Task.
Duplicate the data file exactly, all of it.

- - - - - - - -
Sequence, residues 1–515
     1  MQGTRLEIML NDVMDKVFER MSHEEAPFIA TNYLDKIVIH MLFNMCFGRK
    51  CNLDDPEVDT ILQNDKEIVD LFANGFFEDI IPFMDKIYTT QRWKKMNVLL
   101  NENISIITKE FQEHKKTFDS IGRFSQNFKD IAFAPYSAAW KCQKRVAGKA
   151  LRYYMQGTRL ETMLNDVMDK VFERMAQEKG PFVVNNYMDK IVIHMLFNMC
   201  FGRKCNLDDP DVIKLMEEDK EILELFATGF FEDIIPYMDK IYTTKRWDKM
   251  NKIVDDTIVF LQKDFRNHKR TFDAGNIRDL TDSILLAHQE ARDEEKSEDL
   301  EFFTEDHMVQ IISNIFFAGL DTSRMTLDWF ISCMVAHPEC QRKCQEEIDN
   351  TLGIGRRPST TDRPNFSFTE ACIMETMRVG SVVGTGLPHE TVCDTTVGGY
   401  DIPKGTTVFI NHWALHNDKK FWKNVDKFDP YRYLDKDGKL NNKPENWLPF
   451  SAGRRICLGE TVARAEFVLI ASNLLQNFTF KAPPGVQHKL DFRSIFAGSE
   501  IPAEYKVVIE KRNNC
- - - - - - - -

Sequence, residues 1–515
     1  MQGTRLEIML NDVMDKVFER MSHEEAPFIA TNYLDKIVIH MLFNMCFGRK
    51  CNLDDPEVDT ILQNDKEIVD LFANGFFEDI IPFMDKIYTT QRWKKMNVLL
   101  NENISIITKE FQEHKKTFDS IGRFSQNFKD IAFAPYSAAW KCQKRVAGKA
   151  LRYYMQGTRL ETMLNDVMDK VFERMAQEKG PFVVNNYMDK IVIHMLFNMC
   201  FGRKCNLDDP DVIKLMEEDK EILELFATGF FEDIIPYMDK IYTTKRWDKM
   251  NKIVDDTIVF LQKDFRNHKR TFDAGNIRDL TDSILLAHQE ARDEEKSEDL
   301  EFFTEDHMVQ IISNIFFAGL DTSRMTLDWF ISCMVAHPEC QRKCQEEIDN
   351  TLGIGRRPST TDRPNFSFTE ACIMETMRVG SVVGTGLPHE TVCDTTVGGY
   401  DIPKGTTVFI NHWALHNDKK FWKNVDKFDP YRYLDKDGKL NNKPENWLPF
   451  SAGRRICLGE TVARAEFVLI ASNLLQNFTF KAPPGVQHKL DFRSIFAGSE
   501  IPAEYKVVIE KRNNC